If you suspect there's someone better, but love the one you're with, should you end it?
Yesterday Salon's advice columnist answered a question from a woman in her mid-twenties who was wondering if she should marry her boyfriend of three years or break up with him because she thinks he might not be the right person for her. He's a "great guy," and they love each other but she's worried that differences in sex preferences, emotional needs and personality might mean they're not right for each other.
Marriage feels somewhat imminent, but looking at it right now, I don't think I would say yes… I look at my parents, who embody passionate, romantic love…it's hard not to want that. I'm not sure if I'm being unrealistic in my expectations or I'm cheating myself by not moving on. Should I wait it out? I don't want to ruin a good thing, but also don't want to limit my own happiness ... or his.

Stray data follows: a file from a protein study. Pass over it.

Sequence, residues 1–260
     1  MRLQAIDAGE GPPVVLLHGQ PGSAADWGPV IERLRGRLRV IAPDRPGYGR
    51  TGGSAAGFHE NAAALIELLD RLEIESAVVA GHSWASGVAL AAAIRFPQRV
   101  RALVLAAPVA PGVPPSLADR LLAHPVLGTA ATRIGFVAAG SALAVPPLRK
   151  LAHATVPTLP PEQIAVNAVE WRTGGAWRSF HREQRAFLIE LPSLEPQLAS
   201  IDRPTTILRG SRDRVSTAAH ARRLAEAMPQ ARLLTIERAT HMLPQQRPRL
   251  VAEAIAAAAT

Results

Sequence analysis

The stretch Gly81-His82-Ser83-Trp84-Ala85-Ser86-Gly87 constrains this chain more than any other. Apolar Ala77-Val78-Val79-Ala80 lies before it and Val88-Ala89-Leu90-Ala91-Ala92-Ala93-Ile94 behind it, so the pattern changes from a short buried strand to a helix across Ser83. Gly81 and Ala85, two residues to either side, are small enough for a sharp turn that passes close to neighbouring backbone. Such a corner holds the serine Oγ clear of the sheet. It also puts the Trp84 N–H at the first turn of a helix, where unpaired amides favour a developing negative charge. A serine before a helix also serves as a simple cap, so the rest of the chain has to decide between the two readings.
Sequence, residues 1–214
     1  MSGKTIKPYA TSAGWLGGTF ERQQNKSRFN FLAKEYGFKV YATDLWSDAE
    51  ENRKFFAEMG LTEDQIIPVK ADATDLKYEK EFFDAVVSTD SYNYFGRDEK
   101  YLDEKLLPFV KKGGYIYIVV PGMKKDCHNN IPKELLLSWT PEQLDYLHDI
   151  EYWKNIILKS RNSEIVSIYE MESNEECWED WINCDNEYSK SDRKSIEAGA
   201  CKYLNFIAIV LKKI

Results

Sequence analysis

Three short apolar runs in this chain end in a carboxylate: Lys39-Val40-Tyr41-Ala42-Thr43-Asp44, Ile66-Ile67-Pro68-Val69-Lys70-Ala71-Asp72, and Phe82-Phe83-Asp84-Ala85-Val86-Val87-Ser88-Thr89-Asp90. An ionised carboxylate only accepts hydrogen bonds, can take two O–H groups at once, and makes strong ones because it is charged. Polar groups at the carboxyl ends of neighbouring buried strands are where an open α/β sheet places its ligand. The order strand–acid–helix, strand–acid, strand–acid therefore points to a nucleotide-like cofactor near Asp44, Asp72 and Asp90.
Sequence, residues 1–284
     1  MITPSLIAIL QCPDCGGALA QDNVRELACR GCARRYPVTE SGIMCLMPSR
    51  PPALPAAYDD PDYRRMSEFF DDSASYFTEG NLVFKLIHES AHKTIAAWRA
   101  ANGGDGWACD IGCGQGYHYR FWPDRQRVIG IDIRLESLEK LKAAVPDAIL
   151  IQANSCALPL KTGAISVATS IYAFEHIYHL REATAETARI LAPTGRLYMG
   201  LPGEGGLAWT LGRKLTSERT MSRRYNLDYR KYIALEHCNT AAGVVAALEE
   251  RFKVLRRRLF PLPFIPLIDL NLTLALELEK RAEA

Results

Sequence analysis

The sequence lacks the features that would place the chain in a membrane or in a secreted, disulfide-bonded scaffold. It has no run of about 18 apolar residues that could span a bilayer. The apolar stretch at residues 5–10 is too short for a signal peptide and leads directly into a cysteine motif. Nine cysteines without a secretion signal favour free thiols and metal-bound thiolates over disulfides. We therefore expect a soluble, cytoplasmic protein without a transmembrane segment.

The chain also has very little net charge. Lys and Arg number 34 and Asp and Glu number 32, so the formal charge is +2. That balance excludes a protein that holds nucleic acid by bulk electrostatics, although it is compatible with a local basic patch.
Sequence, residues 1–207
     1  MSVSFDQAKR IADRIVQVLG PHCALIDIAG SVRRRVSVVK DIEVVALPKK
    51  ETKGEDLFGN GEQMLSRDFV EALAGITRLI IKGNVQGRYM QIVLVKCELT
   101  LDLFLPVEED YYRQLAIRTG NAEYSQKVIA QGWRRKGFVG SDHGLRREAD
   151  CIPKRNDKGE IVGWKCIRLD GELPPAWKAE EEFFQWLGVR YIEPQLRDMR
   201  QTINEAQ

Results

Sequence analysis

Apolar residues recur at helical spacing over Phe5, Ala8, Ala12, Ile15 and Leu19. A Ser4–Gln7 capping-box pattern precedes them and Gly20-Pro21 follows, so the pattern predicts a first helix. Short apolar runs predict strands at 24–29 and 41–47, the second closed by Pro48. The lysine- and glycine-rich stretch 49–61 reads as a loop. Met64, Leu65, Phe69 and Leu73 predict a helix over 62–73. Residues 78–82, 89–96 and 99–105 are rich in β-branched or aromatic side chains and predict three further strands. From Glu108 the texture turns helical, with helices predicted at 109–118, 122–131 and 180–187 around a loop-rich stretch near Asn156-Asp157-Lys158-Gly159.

Cary Tennis gives an excellent response to her question—he says that in your twenties you become your "authentic self, a vantage point from which you are no longer in doubt about what you want from life." She's grown apart from her boyfriend, but it's not his fault—this type of maturation is just what happens in your twenties. He advises her to break up with the boyfriend and find someone who fits with the adult she has become.
This brings us back to the great settling debate: Should you keep looking for Mr. Right, or be content with Mr. Good Enough? Tennis' answer suggests that if you're younger, ending it with an almost-but-not-quite guy is the right answer. You need to listen to the person you've become; she "can make fine, subtle judgments about what will lead to happiness and what will lead to disappointment."
The commenters mostly agree. Several of them share their stories of breaking up in their mid-twenties and being happy they did. Others point out that mid-20s is very young, and that there's lots of time to meet someone else. The consensus is that she should end it. Do you agree?